8. Mousepad: Text Editor
Nothing can beat command-line text editors like – nano, vim, etc. in terms of being lightweight.
But if you want a graphical interface, Mousepad is here to the rescue. It’s extremely lightweight and blazing fast. It comes with a simple customizable user interface with multiple themes.
Mousepad supports syntax highlighting. So, you can also use it as a basic code editor. You also have the option to utilize a few plugins to extend the functionality if needed.
Installing Mousepad in Linux
For installing Mousepad, use the following command in the terminal:
sudo apt install mousepad
9. GNOME Office: Office Suite
Many of us need to use office applications quite often.
Generally, most office applications take up more storage space and are resource-hungry.
Gnome Office is quite the opposite in that respect. Gnome Office is technically not a complete office suite but it is composed of different standalone applications and among them, AbiWord & Gnumeric stands out.
AbiWord is the word processor. It is lightweight and faster than other alternatives. But that comes at a cost—you might miss some features like macros, grammar checking, etc. It’s not perfect but it works.
Gnumeric is the spreadsheet editor. Just like AbiWord, Gnumeric is also light on resources and provides accurate calculations. If you are looking for a simple and lightweight spreadsheet editor, Gnumeric has got you covered.
Installing AbiWord & Gnumeric in Linux
All the tools that are involved with the office suite should be available in the default repositories for most Linux distros. For Ubuntu-based distros, you can type in the following command to install Abiword and Gnumeric:
sudo apt install abiword gnumeric
10. GNOME Paint: Drawing Application
GNOME Paint may not be a popular open source paint application but it exists for a long time and is actively packaged for the latest Ubuntu releases.
It is a simple paint application without any bells and whistles. You can doodle around using the drawing tool, fill in paint, and do most of the basic tasks easily.
How to Install Gnome Drawing in Linux?
For Ubuntu-based distros, it is available in the default repositories, all you have to do is type in the following command to install it:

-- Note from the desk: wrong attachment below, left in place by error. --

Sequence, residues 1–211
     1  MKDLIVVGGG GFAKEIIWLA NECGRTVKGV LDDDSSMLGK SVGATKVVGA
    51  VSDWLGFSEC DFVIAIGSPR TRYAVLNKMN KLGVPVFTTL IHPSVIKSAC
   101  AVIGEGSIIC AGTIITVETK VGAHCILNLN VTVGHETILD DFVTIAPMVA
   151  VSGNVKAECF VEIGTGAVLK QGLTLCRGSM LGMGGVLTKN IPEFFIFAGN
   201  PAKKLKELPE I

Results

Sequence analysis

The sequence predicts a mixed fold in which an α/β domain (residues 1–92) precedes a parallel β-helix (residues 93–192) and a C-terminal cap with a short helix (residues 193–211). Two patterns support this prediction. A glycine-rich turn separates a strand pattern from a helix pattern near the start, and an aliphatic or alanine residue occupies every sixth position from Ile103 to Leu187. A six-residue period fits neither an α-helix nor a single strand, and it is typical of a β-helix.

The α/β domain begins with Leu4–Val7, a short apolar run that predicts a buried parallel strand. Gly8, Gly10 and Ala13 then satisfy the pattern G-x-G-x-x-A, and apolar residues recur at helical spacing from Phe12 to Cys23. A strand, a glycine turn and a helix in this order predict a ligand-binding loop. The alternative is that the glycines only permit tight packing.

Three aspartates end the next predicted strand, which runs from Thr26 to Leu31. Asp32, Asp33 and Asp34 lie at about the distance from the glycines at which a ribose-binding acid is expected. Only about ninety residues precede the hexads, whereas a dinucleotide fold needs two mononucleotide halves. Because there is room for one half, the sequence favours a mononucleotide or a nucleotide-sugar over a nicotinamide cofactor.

sudo apt install gnome-drawing
You should also find it in AUR if you are using Arch or any Arch-based distro.
11. Xfce terminal: Terminal Emulator
While there are several terminal emulators available for Linux, the Xfce terminal is potentially the lightest of the bunch.
You can also try other terminal emulators that aim to provide a fast experience but for starters, this should do.
The user interface is quite simple and offers essential functions.
How to Install Xfce terminal in Linux?
You should find it available in the default repositories for most of the distributions. To install it using the terminal on Ubuntu-based systems, simply type in the following command:
sudo apt install xfce4-terminal
12. Shotwell: Photo Manager
If you have got several photos to manage and fewer system resources to help you do that, Shotwell is your friend.
It is one of the best Linux photo management software available out there with RAW photo support and useful features to help organize your photo collection.
How to Install Shotwell in Linux?
For Ubuntu-based distros, you can easily get it installed using the following command:
sudo apt install shotwell
You should also find it available for Arch Linux (in AUR) and other distributions.
13. Archive Manager GNOME
You should already be able to extract and create archives by default on your distribution. And chances are—GNOME’s archive manager is what you have pre-installed.
It supports different file formats and offers some advanced options to tweak.
In case, if you do not have it or if you just want a different standalone archive manager that is lightweight, Archive Manager by GNOME is the perfect option to have.
How to Install GNOME Archive Manager in Linux?
For Ubuntu-based distros, you should be able to find it in the default repositories. All you have to do is type in the command below in the terminal:
sudo apt install file-roller
14. Synaptic Package Manager
Synaptic Package Manager is an impressive lightweight APT package management software.
It makes it easy to locate, update, find details, and manage package repositories. It may not offer a pleasant user experience but it works fast and is reliable enough.
To know more about it, you can take a look at our article that helps using Synaptic package managing in Linux.
How to install Synaptic in Linux?
You can enable the universe repository on Ubuntu and then proceed to install it with the following command:
sudo apt install synaptic
It should be available in the default repositories on other Linux distributions but you can always refer to the official website for instructions on that.
15. Pitvi: Video Editor
What if you want to edit a video but have a lightweight application to do that?
Pitvi is the answer to that. You get most of the basic functionalities to edit a video. In fact, it is one of the best open source video editing software for Linux.
It may not offer a modern user experience but it is easy to use.
How to Install Pitvi in Linux?
Unfortunately, it is not available through the repositories. You will have to download the source code if you do not prefer Flatpak packages.